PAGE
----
Panax pseudoginseng Wall., Trans. Med. Soc. Calcutta 4: 117 1829. (syn: Aralia pseudoginseng (Wall.) Benth. ex C.B.Clarke; Aralia quinquefolia var. pseudoginseng (Wall.) Burkill; Panax pseudoginseng var. pseudoginseng ; Panax schin-seng T.Nees [Illegitimate]; Panax schin-seng var. nepalensis T.Nees);
Common name: Himalayan Ginseng, Nepal Ginseng • Nepali: मङान Mangan, नदार Nadar
Fwd: Himalayan Ginseng (Panax pseudo-ginseng) at fruting stage in Eastern Himalaya : 4 posts by 3 authors. Attachments (2)
I attach 2 images scanned in from slides taken by P.Curzon in Eastern Nepal of Himalayan Ginseng in fruit.
Flowers of Himalaya record P.pseudo-ginseng Wall. from forests & shrubberies @ 2100-4300m from Central Nepal to SW China and Myanamar.
They mention nothing of it being rare – indeed it is unlikely to have been included in their guide had it been so. There is a line drawing. Nothing said of variants.
Enumeration of the Flowering Plants of Nepal has subspecies pseudo-ginseng, which is apparently confined to Nepal, subspecies himalaicus which is further
divided into var. himalaicus, var. angustifolius & var. bipinnatifidus.
Flora of Bhutan (Vol. 2 Part I, 1991) which covers Araliaceae records the species in coniferous forest in Darjeeling, Sikkim, Chumbi & Bhutan @ 1500-3650m.
The authors describe this as an important species in traditional medicine. The typical subspecies pseudo-ginseng with short rhizomes & carrot-like roots has not been recorded from Bhutan or Sikkim.
Whereas the variant found in Bhutan & Sikkim have long creeping nodular rhizomes, segregated as subsp. himalaicus Hara.
This has been further subdivided into: var. bipinnatifidus (Seemann) Li with pinnatifid leaflets with sharply incised lobes; and var. angustifolius (Burkill) Li – the latter is widespread in Bhutan, Darjeeling and Sikkim. One of these varieties was considered a superior for, one the inferior form, in Bhutanese Medicine.
I know this medicinal plant from my time as a consultant to The Royal Government of Bhutan in the 1990s. I saw it growing in forest in Central Bhutan. Cultivation trials were already underway when I first visited Bhutan.
Panax pseudo-ginseng Wall. (Araliaceae) has its distribution extended up to Kumaon (eastern region of Uttarakhand; Garhwal being western region). I have seen it in Sunderdhunga valley between (about) 2000-2500m in forest. Based on this sighting it appeared rare in Uttarakhand, may be also due to its westernmost limit here.
Interesting to hear of an extension to the range of this species.
Yes, it could well be rare in Kumaon. Almost all species have a geographic and altitudinal range, sometimes climatic.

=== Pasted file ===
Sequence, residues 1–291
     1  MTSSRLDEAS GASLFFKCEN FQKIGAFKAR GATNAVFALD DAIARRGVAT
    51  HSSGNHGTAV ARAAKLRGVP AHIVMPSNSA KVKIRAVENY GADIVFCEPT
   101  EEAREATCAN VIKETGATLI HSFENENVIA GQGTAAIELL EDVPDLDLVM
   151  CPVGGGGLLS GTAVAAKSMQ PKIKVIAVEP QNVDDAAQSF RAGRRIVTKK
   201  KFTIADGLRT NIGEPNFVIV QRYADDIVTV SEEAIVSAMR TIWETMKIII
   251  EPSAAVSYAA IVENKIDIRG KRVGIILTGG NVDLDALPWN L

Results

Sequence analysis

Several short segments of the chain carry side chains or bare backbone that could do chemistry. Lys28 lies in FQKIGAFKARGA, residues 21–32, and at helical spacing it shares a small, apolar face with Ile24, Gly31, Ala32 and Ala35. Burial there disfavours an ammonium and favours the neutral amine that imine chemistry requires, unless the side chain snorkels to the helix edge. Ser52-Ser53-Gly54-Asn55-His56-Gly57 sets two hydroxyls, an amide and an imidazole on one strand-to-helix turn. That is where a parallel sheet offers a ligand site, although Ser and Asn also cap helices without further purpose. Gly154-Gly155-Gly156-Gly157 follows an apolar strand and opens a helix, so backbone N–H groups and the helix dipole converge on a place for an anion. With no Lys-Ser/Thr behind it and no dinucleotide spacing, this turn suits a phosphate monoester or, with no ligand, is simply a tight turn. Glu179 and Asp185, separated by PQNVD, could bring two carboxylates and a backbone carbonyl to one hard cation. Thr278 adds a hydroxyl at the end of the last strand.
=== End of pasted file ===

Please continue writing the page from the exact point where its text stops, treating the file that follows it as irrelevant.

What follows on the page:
At some point a species will reach its limit and thus be rare regardless of any ‘damage’ caused by man. Care should be taken, when assessing overall rarity (or abundance) when surveying at such limits, as restricted occurrence in such districts is not necessarily representative of the species in the whole of its range.
Species that are typically forest or forest clearing dwellers in higher rainfall regions of the Himalaya such as Sinopodophyllum hexandum (syn. Podophyllum hexandrum) are also found in the TransHimalaya e.g. in Lahaul and Ladakh (in the latter case it is found in the Suru Valley, which has higher rainfall than other parts of this area). It is somewhat uncommon here but as far as I know, never found in the main Upper Indus Valley near Leh). At some point in its range it is ‘Rare’ but to therefore classify the species as a whole as ‘Rare’ let alone ‘Endangered’ is to misunderstand plant ecology/geography.
It is helpful to have reference images (as good a possible) of as many species in the eFI data-base. Hopefully, this will help with them being noticed elsewhere (potentially extending ranges) helping obtaining a clearer picture of distribution than is possible from herbarium specimens alone (which can easily be a century or more old).
The photographers amongst this group can also take new, ideally better images (showing both floral and foliage) rather than relying upon scanned in images of slides from decades ago – or images of pressed, herbarium specimens.
The more detail which can been seen, the better we can understand Indian flora – whether in the Himalaya, which is my speciality or in other regions of India.
UP-Meghalay-12 Id pl : 4 posts by 2 authors. Attachments (2)
Is it Pantapanax castanopsisicola–Araliaceae ? id pl.
Thais may be some species of Panax ! (May be P. ginseng or P. pseudo-ginseng)
Great Finding of this CITES Appendix II plant.